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Stroke. 2008 Jul;39(7):1999-2005. doi: 10.1161/STROKEAHA.107.507475. Epub 2008 Apr 24.

Multimodal MRI in cerebral small vessel disease: its relationship with cognition and sensitivity to change over time.

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  • 1Centre for Clinical Neuroscience, St George's, University of London, Cranmer Terrace, London SW17 0RE, UK.

Abstract

BACKGROUND AND PURPOSE:

Cerebral small vessel disease is the most common cause of vascular dementia. Interest in using MRI parameters as surrogate markers of disease to assess therapies is increasing. In patients with symptomatic sporadic small vessel disease, we determined which MRI parameters best correlated with cognitive function on cross-sectional analysis and which changed over a period of 1 year.

METHODS:

Thirty-five patients with lacunar stroke and leukoaraiosis were recruited. They underwent multimodal MRI (brain volume, fluid-attenuated inversion recovery lesion load, lacunar infarct number, fractional anisotropy, and mean diffusivity from diffusion tensor imaging) and neuropsychological testing. Twenty-seven agreed to reattend for repeat MRI and neuropsychology at 1 year.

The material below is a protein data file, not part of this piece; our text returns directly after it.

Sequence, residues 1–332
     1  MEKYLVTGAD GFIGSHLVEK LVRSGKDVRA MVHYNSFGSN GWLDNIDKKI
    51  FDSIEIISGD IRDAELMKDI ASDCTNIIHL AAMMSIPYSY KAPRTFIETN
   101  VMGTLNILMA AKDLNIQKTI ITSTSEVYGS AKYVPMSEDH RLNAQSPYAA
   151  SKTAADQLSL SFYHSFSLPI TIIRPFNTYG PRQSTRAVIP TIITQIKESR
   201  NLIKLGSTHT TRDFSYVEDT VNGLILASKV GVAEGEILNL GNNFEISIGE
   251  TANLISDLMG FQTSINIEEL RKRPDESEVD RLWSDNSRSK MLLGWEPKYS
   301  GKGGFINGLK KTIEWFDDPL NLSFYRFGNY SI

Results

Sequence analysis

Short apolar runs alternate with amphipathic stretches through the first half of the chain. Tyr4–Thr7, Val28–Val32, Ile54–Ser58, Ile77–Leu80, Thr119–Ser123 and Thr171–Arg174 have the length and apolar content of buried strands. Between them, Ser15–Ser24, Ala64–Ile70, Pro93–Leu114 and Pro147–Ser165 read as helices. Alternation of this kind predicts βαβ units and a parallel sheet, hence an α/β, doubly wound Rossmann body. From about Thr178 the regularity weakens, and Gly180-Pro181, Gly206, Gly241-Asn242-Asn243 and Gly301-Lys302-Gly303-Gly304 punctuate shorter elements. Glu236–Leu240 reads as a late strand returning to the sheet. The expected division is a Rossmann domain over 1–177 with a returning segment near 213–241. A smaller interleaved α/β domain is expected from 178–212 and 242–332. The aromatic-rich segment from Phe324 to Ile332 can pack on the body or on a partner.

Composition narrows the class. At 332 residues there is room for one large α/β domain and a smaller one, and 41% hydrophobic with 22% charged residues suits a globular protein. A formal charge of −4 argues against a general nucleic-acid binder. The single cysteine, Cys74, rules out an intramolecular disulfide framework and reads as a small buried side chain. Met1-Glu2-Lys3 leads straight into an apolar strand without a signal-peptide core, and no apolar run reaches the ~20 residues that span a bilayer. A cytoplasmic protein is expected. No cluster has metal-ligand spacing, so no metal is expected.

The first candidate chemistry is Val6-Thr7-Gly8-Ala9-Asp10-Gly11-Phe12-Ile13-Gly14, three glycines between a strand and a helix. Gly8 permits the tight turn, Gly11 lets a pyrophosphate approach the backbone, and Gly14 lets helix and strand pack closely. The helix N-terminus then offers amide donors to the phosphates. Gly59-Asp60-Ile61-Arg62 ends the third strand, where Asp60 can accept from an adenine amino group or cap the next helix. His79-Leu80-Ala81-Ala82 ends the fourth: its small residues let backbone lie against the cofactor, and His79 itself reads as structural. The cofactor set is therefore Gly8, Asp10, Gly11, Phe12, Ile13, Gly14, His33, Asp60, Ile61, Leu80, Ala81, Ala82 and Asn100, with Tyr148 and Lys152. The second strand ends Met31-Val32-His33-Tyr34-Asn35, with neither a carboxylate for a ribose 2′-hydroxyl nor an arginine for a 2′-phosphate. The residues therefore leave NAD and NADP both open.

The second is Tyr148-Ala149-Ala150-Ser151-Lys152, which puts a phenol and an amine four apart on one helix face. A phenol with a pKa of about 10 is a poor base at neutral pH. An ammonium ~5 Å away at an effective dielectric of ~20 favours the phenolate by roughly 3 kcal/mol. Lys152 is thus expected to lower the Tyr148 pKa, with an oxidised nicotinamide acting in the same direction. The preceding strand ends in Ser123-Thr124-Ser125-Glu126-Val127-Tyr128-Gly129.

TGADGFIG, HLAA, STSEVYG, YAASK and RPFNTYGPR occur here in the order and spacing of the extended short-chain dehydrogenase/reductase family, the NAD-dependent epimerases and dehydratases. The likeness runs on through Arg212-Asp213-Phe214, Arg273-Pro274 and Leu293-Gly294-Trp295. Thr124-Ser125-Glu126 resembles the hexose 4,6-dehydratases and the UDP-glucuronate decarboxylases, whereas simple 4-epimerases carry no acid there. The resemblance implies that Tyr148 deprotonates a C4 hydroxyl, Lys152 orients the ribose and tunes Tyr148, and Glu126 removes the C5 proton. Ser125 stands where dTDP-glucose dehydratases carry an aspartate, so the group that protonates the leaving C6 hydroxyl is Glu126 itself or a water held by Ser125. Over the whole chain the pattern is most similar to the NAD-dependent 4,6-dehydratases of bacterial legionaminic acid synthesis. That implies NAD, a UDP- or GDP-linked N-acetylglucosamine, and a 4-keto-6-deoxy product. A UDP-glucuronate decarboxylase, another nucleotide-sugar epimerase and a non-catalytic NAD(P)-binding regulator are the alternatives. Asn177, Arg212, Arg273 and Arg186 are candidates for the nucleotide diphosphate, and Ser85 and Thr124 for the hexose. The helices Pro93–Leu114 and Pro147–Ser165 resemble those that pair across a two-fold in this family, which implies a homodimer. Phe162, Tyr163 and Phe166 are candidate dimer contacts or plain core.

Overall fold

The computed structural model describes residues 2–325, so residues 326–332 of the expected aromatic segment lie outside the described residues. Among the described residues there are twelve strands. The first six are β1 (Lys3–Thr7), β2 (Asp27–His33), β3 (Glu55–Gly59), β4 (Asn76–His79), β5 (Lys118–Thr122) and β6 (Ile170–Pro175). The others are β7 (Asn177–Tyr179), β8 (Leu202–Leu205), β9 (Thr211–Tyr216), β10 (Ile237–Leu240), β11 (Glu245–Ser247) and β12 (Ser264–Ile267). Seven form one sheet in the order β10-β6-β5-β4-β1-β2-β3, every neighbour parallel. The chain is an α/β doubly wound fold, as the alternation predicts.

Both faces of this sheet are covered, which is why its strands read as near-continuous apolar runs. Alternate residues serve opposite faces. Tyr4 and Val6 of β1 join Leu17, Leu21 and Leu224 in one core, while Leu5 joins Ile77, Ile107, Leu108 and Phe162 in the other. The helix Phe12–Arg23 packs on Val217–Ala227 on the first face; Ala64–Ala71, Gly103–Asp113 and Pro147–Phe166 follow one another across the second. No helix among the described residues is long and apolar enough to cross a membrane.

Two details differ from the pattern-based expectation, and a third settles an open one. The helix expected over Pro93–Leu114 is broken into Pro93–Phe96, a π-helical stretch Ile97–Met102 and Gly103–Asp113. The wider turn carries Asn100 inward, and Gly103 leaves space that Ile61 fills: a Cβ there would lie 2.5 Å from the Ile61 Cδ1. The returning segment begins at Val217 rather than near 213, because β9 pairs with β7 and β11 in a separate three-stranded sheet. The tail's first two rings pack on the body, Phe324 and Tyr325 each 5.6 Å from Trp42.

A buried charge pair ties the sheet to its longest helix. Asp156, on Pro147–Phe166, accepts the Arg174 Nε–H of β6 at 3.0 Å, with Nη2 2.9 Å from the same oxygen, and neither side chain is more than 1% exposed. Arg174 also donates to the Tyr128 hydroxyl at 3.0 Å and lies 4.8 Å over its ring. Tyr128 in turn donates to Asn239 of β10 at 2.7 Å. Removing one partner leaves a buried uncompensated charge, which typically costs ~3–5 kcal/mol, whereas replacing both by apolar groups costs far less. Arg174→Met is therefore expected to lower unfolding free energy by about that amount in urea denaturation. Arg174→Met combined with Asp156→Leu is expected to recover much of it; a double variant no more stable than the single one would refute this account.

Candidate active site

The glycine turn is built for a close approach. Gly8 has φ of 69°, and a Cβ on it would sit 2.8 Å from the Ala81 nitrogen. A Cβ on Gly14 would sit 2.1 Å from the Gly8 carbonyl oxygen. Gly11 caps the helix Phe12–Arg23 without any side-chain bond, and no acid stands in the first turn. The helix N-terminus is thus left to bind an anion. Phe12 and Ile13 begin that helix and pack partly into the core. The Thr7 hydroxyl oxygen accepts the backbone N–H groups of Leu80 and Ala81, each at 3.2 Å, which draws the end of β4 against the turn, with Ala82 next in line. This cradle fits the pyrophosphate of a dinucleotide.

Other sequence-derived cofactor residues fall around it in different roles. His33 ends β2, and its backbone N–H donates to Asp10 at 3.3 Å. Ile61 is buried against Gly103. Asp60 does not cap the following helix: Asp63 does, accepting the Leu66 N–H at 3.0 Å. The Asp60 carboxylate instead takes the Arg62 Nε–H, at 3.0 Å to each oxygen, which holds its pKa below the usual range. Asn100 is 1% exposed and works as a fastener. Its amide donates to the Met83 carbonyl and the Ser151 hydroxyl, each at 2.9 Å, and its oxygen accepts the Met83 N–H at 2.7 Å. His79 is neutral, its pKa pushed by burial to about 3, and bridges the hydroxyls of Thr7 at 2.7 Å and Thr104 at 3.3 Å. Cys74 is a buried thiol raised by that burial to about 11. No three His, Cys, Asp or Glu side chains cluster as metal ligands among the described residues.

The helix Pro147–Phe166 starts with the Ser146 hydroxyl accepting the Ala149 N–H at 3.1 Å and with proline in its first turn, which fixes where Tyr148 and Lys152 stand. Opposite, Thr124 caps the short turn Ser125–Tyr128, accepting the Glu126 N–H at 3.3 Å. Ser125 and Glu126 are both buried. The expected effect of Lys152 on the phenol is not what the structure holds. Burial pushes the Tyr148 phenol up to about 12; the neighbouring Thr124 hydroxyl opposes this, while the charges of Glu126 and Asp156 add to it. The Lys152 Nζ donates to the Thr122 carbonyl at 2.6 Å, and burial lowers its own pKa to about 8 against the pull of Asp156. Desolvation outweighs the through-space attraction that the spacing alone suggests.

RESULTS:

An executive function score correlated most strongly with diffusion tensor imaging (fractional anisotropy histogram, r=-0.640, P=0.004) and brain volume (r=0.501, P=0.034). Associations with diffusion tensor imaging were stronger than with all other MRI parameters. On multiple regression of all imaging parameters, a model that contained brain volume and fractional anisotropy, together with age, gender, and premorbid IQ, explained 74% of the variance of the executive function score (P=0.0001). Changes in mean diffusivity and fractional anisotropy were detectable over the 1-year follow-up; in contrast, no change in other MRI parameters was detectable over this time period.

CONCLUSIONS:

A multimodal MRI model explains a large proportion of the variation in executive function in cerebral small vessel disease. In particular, diffusion tensor imaging correlates best with executive function and is the most sensitive to change. This supports the use of MRI, in particular diffusion tensor imaging, as a surrogate marker in treatment trials.

PMID:
18436880
DOI:
10.1161/STROKEAHA.107.507475
[PubMed - indexed for MEDLINE]
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